Understanding that addiction is not a choice will help a patient understand that there are people who know what they are going through. This will minimize the anxiety attacks and frustration that a patient will feel.

4. Long-term use of prescription drugs is not addictive.

Some people may perceive that taking prescription drugs over time would not cause addiction. However, that is not the case.

The National Institute on Drug Abuse reports that 14% met the criteria for abuse for prescription drugs with the perception that prescription drugs are less harmful than illicit drugs.

When we say misuse of prescription drugs, this is the usage of over-the-counter medicine outside of their prescribed uses. There are instances when people who are addicted to prescription drugs go as far as stealing the medicine from other people just to satisfy their craving.

5. Relapse is a sign of failure.

Relapse can happen to anyone who uses drugs, and it can happen to anyone who has been clean for several years. In fact, relapse is an indication that additional treatment or a different treatment is needed.

New Year’s Resolution for Addiction Recovery

Knowing the common misconceptions about addiction helps not only yourself but also the people who surround you because they will be able to render support to whatever resolutions you have for the new year.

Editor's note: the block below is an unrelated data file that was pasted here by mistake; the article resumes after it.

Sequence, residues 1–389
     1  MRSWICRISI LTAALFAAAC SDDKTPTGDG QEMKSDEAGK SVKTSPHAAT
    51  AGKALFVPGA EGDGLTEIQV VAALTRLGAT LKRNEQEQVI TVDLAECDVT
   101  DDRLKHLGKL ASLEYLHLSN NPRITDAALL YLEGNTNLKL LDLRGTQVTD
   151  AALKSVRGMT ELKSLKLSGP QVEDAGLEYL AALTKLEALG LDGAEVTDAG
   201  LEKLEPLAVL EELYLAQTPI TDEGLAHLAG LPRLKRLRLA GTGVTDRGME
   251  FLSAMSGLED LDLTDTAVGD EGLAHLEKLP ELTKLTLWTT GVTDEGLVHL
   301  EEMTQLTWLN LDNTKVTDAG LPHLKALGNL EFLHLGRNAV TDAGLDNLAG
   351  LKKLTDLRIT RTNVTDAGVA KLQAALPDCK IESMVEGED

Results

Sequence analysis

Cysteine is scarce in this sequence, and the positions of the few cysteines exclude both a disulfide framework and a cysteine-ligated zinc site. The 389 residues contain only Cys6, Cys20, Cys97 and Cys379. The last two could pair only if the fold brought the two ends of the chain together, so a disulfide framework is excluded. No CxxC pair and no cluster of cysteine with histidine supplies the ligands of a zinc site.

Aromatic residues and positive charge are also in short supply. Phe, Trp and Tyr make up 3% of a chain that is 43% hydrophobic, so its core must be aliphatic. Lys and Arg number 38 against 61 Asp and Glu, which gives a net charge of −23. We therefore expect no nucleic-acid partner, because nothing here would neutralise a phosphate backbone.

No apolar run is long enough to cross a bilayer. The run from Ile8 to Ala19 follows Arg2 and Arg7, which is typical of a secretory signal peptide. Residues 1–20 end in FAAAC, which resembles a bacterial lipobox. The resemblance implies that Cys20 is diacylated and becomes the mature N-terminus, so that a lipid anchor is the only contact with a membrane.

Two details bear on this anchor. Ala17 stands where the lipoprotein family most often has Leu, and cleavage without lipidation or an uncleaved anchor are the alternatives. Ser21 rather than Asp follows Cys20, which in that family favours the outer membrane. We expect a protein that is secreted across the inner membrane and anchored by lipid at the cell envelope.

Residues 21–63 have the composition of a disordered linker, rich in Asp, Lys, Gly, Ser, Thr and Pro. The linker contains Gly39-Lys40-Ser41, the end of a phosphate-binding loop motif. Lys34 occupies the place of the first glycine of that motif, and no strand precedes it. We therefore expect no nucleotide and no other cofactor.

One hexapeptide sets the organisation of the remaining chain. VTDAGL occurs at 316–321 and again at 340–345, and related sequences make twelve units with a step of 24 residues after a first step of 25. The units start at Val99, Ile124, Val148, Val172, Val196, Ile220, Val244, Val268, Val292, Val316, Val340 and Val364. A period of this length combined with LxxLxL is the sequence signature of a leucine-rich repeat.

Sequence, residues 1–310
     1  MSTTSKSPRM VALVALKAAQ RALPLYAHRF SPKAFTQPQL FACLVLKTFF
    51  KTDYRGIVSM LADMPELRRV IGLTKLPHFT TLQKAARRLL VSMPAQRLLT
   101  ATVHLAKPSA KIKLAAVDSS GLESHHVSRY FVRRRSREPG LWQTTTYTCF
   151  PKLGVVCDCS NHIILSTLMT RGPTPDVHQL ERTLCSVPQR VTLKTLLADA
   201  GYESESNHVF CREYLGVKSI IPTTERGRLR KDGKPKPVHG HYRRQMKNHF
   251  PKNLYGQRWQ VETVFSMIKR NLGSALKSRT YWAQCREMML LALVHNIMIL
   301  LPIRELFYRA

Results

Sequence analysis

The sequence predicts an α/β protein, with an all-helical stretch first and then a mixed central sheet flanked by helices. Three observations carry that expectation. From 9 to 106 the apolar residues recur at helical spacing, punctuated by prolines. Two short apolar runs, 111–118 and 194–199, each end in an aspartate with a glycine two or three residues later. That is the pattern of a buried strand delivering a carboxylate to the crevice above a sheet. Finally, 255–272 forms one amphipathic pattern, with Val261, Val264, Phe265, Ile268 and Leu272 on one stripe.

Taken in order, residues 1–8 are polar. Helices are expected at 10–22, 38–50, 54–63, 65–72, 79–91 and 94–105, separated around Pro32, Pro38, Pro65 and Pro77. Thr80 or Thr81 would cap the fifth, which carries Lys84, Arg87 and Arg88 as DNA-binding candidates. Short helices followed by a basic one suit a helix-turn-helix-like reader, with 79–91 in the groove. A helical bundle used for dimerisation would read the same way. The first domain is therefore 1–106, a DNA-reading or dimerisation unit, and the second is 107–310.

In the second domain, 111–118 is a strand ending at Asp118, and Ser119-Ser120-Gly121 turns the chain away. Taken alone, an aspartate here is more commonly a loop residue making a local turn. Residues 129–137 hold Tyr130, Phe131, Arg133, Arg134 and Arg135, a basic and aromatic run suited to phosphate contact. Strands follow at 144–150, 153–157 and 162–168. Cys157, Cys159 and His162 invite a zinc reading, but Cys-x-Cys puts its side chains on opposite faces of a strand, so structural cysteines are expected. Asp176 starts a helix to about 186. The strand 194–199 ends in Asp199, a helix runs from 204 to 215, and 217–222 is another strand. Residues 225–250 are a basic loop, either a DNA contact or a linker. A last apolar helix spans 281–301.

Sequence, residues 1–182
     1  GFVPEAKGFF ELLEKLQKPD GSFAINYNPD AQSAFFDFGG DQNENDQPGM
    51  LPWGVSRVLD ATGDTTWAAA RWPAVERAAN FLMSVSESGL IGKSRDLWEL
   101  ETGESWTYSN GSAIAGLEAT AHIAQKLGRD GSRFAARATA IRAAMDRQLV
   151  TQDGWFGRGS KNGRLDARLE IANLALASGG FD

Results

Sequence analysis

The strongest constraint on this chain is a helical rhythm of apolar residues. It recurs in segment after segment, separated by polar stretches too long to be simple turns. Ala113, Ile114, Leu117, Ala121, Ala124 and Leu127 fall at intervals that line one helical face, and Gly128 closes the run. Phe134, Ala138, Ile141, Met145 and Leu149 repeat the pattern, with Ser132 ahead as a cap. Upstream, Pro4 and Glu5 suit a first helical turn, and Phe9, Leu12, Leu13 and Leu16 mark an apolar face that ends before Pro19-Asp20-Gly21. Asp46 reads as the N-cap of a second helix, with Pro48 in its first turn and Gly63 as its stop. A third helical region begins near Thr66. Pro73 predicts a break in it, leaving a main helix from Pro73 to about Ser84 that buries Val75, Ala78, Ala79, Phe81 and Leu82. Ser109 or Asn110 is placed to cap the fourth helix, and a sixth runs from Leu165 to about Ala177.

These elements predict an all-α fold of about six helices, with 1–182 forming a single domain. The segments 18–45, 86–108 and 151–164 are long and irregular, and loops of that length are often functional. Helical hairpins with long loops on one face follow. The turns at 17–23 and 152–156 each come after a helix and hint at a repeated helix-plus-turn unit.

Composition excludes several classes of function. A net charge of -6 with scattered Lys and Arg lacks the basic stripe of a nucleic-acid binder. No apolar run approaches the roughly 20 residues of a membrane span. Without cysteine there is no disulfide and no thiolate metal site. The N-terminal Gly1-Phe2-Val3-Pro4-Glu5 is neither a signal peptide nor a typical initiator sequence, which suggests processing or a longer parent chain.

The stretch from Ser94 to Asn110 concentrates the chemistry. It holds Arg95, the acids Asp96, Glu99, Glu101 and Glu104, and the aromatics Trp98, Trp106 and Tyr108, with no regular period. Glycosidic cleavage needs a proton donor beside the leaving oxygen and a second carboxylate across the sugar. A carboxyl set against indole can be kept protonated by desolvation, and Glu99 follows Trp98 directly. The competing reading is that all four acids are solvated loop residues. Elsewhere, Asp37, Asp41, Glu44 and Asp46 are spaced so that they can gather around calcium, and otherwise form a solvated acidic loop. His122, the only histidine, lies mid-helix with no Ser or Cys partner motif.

Getting back to sobriety is not an overnight task. If you are coming from rehabilitation, whether it is drug addiction recovery or alcohol addiction recovery, you might get anxious about the relapse. Don’t worry. Always know that there are professionals who are willing to help you get back to drug sobriety and alcohol sobriety.

If you are looking for ways to somehow ease the road to full sobriety, here are some tips that can be added to your New Year’s resolutions.

1. Depend on loved ones for support.

The most important and the hardest lesson to learn during the battle against addiction is to understand that you are never alone. There will always be people who will take care of you in your darkest times. They may be family, friends, and even the community as a whole. It is healthy to depend on such people for support and just to feel special. This step is easier said than done, but first steps are necessary to take.

Choose someone — a close friend or a family member — whom you think you can easily talk to without passing judgment. It doesn’t have to be profound talks at the start. You can always share about your day or other trivial things like the weather, the food you ate, or even a TV show you just watched. Conversations, no matter how mundane, help in addiction recovery.

2. Stay optimistic.

The current condition proves to be challenging for everyone to stay optimistic, but with the right support group and the right encouragement, staying optimistic will create a new mindset that can help you speed up your road to sobriety.

Experiencing frustration and different emotions during the recovery process is normal and valid. Don’t be too hard on yourself if you are getting confused and anxious about everything that has happened.